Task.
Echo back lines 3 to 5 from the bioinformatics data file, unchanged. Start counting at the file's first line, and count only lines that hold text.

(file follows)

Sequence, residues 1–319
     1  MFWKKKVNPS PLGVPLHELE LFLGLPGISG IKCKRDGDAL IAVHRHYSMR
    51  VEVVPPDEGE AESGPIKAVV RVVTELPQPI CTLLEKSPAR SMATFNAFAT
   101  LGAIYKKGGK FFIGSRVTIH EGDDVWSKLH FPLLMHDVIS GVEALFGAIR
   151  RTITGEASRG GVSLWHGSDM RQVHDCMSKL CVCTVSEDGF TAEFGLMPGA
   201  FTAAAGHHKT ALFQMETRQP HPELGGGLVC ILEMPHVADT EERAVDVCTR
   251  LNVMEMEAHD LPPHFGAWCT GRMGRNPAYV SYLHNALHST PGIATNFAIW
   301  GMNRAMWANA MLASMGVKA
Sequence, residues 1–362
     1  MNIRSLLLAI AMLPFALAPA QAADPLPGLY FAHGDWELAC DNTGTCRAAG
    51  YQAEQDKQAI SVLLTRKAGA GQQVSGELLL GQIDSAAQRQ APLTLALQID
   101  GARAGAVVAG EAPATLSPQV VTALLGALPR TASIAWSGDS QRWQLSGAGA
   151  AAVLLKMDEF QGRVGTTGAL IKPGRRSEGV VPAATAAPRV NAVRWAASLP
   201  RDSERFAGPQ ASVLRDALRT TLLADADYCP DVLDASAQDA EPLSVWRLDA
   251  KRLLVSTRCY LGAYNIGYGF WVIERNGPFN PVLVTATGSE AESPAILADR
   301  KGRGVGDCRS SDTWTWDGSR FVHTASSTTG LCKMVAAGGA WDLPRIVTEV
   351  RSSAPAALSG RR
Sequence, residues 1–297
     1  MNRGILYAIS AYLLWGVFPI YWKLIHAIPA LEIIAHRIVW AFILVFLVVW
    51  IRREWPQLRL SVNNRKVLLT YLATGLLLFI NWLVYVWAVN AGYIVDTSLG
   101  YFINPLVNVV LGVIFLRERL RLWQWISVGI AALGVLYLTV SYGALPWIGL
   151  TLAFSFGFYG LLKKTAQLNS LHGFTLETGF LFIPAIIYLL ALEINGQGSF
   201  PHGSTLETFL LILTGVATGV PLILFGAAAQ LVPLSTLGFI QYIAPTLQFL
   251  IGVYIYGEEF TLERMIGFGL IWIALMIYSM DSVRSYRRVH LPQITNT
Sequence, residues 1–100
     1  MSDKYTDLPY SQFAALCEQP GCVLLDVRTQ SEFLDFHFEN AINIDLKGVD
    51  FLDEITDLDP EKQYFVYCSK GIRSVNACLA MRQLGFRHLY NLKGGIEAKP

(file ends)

    51  VEVVPPDEGE AESGPIKAVV RVVTELPQPI CTLLEKSPAR SMATFNAFAT
   101  LGAIYKKGGK FFIGSRVTIH EGDDVWSKLH FPLLMHDVIS GVEALFGAIR
   151  RTITGEASRG GVSLWHGSDM RQVHDCMSKL CVCTVSEDGF TAEFGLMPGA